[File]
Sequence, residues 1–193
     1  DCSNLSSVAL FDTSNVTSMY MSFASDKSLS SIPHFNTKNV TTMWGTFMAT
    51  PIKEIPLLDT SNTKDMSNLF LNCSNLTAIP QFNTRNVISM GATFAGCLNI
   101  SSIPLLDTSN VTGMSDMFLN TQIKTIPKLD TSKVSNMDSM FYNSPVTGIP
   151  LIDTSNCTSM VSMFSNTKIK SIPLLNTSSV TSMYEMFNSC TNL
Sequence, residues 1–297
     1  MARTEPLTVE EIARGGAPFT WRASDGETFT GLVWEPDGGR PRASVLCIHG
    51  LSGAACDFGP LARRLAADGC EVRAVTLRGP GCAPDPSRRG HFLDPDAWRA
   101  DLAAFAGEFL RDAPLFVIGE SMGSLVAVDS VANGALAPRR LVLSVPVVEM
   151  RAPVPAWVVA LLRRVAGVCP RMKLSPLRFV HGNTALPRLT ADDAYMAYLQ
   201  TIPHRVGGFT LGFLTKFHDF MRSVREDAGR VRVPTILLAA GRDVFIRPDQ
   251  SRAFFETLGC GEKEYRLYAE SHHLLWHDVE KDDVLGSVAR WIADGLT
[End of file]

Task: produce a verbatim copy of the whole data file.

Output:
Sequence, residues 1–193
     1  DCSNLSSVAL FDTSNVTSMY MSFASDKSLS SIPHFNTKNV TTMWGTFMAT
    51  PIKEIPLLDT SNTKDMSNLF LNCSNLTAIP QFNTRNVISM GATFAGCLNI
   101  SSIPLLDTSN VTGMSDMFLN TQIKTIPKLD TSKVSNMDSM FYNSPVTGIP
   151  LIDTSNCTSM VSMFSNTKIK SIPLLNTSSV TSMYEMFNSC TNL
Sequence, residues 1–297
     1  MARTEPLTVE EIARGGAPFT WRASDGETFT GLVWEPDGGR PRASVLCIHG
    51  LSGAACDFGP LARRLAADGC EVRAVTLRGP GCAPDPSRRG HFLDPDAWRA
   101  DLAAFAGEFL RDAPLFVIGE SMGSLVAVDS VANGALAPRR LVLSVPVVEM
   151  RAPVPAWVVA LLRRVAGVCP RMKLSPLRFV HGNTALPRLT ADDAYMAYLQ
   201  TIPHRVGGFT LGFLTKFHDF MRSVREDAGR VRVPTILLAA GRDVFIRPDQ
   251  SRAFFETLGC GEKEYRLYAE SHHLLWHDVE KDDVLGSVAR WIADGLT